Civics Lessons

Grade Level: Grades 9-12

Brooks v. Lawrence and the Clearwater Police Department

Case developed for the 2007 Michigan High School Mock Trial Tournament
Civil Case-unnecessary force

2nd Amendment and the Courts

After reading and discussion of federal gun policies and proposals, their pros and cons, and the Second Amendment, students debate the merits of different gun policies.

What Makes Lawmakers Tick?

This is the final lesson of three lessons on the Fundamentals of Representative Democracy.
This lesson is designed to give students a better idea of what makes members of Congress and state legislators tick. What motivates them, why do they run, what attributes and skills do they possess, and what is the nature of their jobs? This lesson relies upon a lawmaker being invited and coming to class to answer student questions about legislative life.

Case of the Shipwrecked Sailors

Sudents review a case study which helps them distinguish between legal and ethical questions

Hazelwood v. Kuhlmeier (1988)

This case summary provides teachers with everything they need to teach about Hazelwood v. Kuhlmeier (1988). It contains background information in the form of summaries and important vocabulary at three different reading levels, as well a review of relevant legal concepts, diagram of how the case moved through the court system, and summary of the decision. This resource also includes seven classroom-ready activities that teach about the case using interactive methods.

US v. Jamie Becker and Kim Hanks

Case developed for the 2006 Michigan High School Mock Trial Tournament
Criminal Case-counterfeiting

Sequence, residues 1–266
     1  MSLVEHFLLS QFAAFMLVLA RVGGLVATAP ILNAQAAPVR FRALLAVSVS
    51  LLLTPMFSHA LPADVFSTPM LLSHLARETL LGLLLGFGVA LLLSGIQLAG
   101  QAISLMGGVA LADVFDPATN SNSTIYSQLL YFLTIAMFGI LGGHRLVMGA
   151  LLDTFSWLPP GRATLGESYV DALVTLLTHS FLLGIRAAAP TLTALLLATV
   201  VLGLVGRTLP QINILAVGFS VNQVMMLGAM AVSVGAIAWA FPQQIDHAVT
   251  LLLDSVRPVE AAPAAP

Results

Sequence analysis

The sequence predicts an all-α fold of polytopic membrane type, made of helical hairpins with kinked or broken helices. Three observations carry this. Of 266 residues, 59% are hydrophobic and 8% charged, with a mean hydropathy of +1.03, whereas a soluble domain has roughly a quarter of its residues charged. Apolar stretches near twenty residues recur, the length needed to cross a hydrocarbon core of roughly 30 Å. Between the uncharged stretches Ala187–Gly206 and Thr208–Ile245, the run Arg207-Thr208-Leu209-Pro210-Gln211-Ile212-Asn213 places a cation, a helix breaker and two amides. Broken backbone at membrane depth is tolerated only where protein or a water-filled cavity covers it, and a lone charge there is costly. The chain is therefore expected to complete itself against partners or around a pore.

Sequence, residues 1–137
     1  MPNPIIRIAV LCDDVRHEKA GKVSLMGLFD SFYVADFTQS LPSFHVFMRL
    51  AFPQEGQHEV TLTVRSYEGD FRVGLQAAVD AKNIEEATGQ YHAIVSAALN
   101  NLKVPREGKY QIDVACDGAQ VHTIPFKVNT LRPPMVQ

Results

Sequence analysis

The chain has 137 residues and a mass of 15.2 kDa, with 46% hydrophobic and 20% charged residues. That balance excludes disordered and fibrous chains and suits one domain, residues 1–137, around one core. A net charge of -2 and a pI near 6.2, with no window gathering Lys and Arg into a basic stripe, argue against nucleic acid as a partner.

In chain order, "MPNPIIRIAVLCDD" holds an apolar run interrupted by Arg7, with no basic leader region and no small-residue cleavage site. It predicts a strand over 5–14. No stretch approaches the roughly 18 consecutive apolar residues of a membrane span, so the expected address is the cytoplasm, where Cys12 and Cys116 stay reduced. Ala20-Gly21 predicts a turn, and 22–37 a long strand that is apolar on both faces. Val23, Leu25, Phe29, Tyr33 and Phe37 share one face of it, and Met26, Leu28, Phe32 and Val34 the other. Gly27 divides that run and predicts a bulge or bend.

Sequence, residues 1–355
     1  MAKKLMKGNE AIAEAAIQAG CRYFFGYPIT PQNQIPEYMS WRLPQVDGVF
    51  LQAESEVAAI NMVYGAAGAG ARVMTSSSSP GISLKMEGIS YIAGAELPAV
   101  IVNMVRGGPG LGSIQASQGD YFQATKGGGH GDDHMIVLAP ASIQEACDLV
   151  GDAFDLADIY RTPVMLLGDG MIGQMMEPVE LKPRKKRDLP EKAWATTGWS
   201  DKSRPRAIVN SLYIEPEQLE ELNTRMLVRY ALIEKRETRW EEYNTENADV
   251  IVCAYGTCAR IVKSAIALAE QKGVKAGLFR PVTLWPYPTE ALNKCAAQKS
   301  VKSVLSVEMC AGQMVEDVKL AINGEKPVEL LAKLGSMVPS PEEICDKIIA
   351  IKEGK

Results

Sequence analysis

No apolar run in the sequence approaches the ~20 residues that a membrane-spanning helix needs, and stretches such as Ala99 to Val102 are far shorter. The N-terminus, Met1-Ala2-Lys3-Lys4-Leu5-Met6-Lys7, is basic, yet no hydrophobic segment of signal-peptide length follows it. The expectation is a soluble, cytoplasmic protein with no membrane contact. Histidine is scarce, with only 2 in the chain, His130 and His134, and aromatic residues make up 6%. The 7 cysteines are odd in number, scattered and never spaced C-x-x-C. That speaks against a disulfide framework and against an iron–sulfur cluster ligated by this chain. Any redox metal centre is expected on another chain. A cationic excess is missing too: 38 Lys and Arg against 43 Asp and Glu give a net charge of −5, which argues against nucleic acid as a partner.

We the People

Students recognize the different parts of the U.S. Constitution and conduct a close text reading to discover the meaning and significance of each part. Throughout the lesson, students will track the development of the Constitution from the original document and its articles to the amendments up through the 1992 edition of the Twenty-Seventh Amendment.

Tinker v. Des Moines (1969)

This case summary provides teachers with everything they need to teach about Tinker v. Des Moines (1969). It contains background information in the form of summaries and important vocabulary at three different reading levels, as well a review of relevant legal concepts, diagram of how the case moved through the court system, and summary of the decision. This resource also includes seven classroom-ready activities that teach about the case using interactive methods.

Texas v. Johnson (1989)

This case summary provides teachers with everything they need to teach about Texas v. Johnson (1989). It contains background information in the form of summaries and important vocabulary at three different reading levels, as well a review of relevant legal concepts, diagram of how the case moved through the court system, and summary of the decision. This resource also includes six classroom-ready activities that teach about the case using interactive methods.

Participating in the Jury System

Students participate in activities and discussions about the relationship of a democratic society to its legal institutions, and the issues of fairness and equality under the law and legal system. They learn how constitutional amendments such as the Fourteenth Amendment influence lawsuits, and they will apply concepts within the Bill of Rights to jury trials. Students conduct research to compare the U.S. jury trial system to trial systems in other countries.